Wednesday, 21 September 2011
What comes first? Xmas or a new draft DP Directive?
If my chums are to be believed, and believe me, I believe them, I’m likely to enjoy Xmas lunch with my friends and family well before the new draft Data Protection Directive may be published.
This probably comes a bad news to lots of us who are aching to leave the iapp's Europe Data Protection Congress in Paris on 29-30 November with a copy of the new draft – or at least a partial understanding of the Commission’s proposals. After all, the Congress is to be addressed by Commissioner Viviane Reding, together with the three wise men of Euro Data Protection Peter Hustinx, European Data Protection Supervisor, Jacob Kohnstamm, Chairman of the Article 29 Working Party, and Peter Schaar, Federal Commissioner for Data Protection and Freedom of Information, Germany. And, the Congress will be packed with other people whose lives are so heavily steeped in this stuff that they also deserve the accolade as one of the “Lords of Data Protection.” You might even see me somewhere in the audience, too.
But I’m not fretting. I just want the Commission to get it right. And I don’t really care how long that takes. So long as it is right, in the end.
Given the pace of technological development though, and of changes in customer perception and attitudes, I appreciate that it will be very hard to develop a Directive that meets the needs of people who don’t quite get know what their needs are, as that technology hasn’t been brought into universal use. But it will. And soon.
Whoever thought that geolocation services would have taken off in the manner that they have done, or that facial tagging (or tattoo tagging) would become so widespread – and so quickly. Or that Governments would feel so threatened by terrorist groups and therefore need to react as they have done? Or that Google+ would have circles of friends, while Facebook has developed different groups of friends? Or that Amazon and Kindle enable the spread of knowledge so easily? Or that, shortly, e-commerce and the creation of new ways of spending e-money may bring forth a data controller with significant knowledge about very significant numbers of us – and that controller may not be “controlled” from within the borders of the European Community?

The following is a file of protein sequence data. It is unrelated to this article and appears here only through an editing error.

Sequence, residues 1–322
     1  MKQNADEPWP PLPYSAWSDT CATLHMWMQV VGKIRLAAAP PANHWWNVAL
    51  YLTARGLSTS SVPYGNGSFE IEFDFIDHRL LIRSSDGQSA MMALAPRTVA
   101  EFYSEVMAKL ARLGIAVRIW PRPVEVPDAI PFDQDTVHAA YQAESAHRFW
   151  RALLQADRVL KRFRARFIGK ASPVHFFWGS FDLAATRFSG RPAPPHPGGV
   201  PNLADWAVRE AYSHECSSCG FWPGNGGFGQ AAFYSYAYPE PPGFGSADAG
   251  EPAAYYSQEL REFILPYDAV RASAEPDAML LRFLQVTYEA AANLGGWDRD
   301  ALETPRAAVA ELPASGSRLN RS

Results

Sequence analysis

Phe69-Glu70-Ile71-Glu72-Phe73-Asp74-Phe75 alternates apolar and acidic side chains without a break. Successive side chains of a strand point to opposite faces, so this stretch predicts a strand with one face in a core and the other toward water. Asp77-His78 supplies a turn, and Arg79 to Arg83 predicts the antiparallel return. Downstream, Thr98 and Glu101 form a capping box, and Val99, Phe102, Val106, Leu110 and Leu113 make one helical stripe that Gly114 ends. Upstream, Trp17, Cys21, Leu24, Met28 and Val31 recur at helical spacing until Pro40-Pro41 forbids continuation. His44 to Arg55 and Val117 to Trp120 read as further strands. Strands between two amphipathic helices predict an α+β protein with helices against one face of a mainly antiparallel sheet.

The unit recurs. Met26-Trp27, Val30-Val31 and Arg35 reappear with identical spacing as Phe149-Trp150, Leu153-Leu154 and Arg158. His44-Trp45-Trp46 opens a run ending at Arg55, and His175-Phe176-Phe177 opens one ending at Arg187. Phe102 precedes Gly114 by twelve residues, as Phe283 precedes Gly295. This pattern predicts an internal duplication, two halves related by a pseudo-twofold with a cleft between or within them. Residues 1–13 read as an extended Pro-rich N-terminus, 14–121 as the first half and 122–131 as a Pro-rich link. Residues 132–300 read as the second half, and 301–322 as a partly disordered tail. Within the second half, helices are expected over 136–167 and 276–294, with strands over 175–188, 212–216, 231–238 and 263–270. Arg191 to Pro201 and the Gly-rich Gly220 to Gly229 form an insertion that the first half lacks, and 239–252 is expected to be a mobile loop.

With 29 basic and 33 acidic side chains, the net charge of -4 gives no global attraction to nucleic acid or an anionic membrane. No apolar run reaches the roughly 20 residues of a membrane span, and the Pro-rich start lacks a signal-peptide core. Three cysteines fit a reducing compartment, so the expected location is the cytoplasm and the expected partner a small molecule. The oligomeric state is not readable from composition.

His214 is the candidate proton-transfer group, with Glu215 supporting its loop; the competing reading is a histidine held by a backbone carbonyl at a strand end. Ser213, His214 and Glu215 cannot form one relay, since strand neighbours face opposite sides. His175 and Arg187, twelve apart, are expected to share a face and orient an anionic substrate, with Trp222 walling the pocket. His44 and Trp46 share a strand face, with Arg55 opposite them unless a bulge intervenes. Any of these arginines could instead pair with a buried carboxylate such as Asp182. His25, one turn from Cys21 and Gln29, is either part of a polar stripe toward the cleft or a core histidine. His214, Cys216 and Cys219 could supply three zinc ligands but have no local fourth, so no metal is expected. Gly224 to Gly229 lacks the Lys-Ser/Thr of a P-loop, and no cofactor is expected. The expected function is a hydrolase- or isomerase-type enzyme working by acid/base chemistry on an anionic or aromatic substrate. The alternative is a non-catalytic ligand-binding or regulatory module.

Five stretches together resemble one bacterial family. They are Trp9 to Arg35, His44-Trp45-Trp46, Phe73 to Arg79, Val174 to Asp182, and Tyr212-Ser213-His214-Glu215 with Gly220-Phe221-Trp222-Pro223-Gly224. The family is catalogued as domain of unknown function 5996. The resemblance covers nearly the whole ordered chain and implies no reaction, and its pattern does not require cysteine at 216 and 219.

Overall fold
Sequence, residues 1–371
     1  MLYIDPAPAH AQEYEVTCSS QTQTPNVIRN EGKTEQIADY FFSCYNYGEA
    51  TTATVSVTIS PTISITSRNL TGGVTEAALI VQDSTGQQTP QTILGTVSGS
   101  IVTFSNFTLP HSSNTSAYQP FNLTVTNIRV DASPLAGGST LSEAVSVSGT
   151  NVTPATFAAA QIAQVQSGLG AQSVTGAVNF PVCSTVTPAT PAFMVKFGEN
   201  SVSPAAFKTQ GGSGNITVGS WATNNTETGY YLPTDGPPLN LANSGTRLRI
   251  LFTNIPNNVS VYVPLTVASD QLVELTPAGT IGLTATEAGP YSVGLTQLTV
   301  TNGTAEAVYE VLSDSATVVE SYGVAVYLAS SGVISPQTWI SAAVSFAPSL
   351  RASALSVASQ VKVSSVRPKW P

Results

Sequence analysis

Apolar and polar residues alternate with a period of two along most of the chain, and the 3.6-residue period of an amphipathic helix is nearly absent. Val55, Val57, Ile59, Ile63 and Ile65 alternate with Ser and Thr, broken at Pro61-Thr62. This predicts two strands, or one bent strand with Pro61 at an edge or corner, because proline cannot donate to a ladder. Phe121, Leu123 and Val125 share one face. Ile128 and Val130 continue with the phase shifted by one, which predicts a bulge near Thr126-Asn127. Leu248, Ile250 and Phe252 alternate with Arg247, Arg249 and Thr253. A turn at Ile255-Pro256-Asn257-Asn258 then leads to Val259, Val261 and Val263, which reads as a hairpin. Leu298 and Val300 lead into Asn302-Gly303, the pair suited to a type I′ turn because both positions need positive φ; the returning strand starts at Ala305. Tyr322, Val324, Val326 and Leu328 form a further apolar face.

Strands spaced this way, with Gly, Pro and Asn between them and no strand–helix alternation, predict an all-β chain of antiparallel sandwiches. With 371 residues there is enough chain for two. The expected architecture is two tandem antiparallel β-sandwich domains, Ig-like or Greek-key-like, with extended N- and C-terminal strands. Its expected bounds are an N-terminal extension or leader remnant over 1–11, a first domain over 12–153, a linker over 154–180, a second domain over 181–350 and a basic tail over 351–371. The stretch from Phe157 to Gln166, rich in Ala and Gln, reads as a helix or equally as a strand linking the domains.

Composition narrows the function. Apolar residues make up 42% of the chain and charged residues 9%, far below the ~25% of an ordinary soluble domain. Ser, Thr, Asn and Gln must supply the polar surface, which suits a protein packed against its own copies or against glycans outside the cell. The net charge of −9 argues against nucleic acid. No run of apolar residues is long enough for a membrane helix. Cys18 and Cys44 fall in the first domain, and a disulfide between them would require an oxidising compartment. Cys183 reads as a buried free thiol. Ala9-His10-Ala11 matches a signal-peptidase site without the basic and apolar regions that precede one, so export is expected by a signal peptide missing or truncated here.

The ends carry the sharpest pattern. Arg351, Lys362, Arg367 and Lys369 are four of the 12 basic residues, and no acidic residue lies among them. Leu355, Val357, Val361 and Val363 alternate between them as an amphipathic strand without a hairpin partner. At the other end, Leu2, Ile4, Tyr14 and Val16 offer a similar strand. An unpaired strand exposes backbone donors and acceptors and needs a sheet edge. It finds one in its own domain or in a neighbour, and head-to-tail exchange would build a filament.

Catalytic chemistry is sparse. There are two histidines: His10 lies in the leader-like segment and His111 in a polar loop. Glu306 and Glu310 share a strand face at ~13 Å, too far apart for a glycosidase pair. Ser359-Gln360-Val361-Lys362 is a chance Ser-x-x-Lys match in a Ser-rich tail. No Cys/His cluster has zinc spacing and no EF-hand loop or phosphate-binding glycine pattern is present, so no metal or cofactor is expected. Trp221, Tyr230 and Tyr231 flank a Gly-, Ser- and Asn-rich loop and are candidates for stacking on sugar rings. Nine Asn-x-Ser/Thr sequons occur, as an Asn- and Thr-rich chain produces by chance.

We live in such interesting times. So let’s continue to concentrate on the items that are currently in our in-trays before anticipating an email with that special package from the Commission.
I think this is a brilliant print of the Grand old Duke of York, by Canadian artist Mychael Barratt – you can buy framed copies of this limited edition of 100 prints for just £295 from the Yard Gallery, in Holywood near Belfast.
I’m not suggesting that anyone is behaving like the Grand Old Duke of York, ie getting us all excited and then letting us down again. According to Wikipedia, the oldest version of the song that survives is from 1642, under the title 'Old Tarlton's song', with the lyrics:
The King of France with forty thousand men,
Came up a hill and so came downe againe.